"The 1996 world cup win inspired people to look at their country differently," said Sangakkara. "The sport overwhelmed terrorism and political strife; it provided something that everyone held dear to their hearts, and helped normal people get through their lives. Fighting for a common national cause representing the entirety of our society, provided a shining example to every Sri Lankan. Regardless of war, here we were playing together."

Those in attendance last week were reportedly spellbound by Sangakkara’s account. When you listen to his anguished descriptions of rushing home from New Zealand after the lethal tsunami of 2004, and the terrorist attack on the Sri Lankan team bus in Lahore in 2007, it’s easy to understand why. He even went close to channelling CLR James when lamenting that life was not cricket: "If it were we would not have seen the festering wounds of an ignorant war."

People are still talking about that speech. Certainly, the Sri Lankan authorities are, after Sangakkara dared to bemoan his nation’s politically-tied cricket administration, ostensibly ruled by the standing government’s minister of sport. The hair-raising accounts of cronyism, vote-buying, corruption, and even violence and fist-fights at meetings have received a predictable response from home. Sangakkara is to be investigated, but not his allegations.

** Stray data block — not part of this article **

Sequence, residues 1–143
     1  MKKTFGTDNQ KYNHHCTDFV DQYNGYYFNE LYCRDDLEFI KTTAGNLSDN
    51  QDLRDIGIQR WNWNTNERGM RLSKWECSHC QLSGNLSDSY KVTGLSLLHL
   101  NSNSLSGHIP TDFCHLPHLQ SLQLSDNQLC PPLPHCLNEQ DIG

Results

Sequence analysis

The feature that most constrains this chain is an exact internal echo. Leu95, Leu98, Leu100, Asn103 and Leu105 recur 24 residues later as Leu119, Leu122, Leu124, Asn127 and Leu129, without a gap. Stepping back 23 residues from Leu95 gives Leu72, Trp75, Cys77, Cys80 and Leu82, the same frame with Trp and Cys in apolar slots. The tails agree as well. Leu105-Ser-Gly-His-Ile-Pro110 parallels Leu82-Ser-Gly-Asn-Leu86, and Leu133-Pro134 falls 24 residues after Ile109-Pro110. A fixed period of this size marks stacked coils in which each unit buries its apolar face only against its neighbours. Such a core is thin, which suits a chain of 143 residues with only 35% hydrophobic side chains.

"Unless the administration is capable of becoming more professional, forward-thinking and transparent then we risk alienating the common man," he said. "Indeed, this is already happening. Loyal fans are becoming increasingly disillusioned. This is very dangerous because it is not the administrators or players that sustain the game, it is the cricket-loving public. It is their passion that powers cricket. If they turn their backs on it then the whole system will come crashing down."

Needless to say, Sri Lanka Cricket’s huffing and puffing over those comments have dominated the subsequent news coverage of Sangakkara’s lecture, quickly swamping his core message about spirit, tolerance and harmony. It’s a shame. Not many world-class athletes have his wider perspective on the industry, let alone the same courage of conviction or the willingness to speak up. His thoughts on the power of play should never be forgotten.

People who dismiss sport as immature and meaningless would do themselves a favour by listening to a recording. As Sangakkara noted, the need to put aside class, politics, race and creed in order to break bread with your countrymen and women is a good enough reason alone. That we then replicate the process when playing against opponents from other regions, countries and cultures can only lead to more understanding within the global village.

Sangakkara’s final words at the Cowdrey Lecture spoke volumes about why sport often succeeds where other diplomacy efforts falter. No wonder the MCC members were on their feet applauding. "All for one, and one for all" has never been put so eloquently: "I am Tamil, Sinhalese, Muslim and Burgher," he concluded. "I am a Buddhist, a Hindu, a follower of Islam and Christianity. I am today, and always, proudly Sri Lankan." Well said, that man.

The above article was first published on The Sunday Star Times in New Zealand. It is republished here with permission from the author.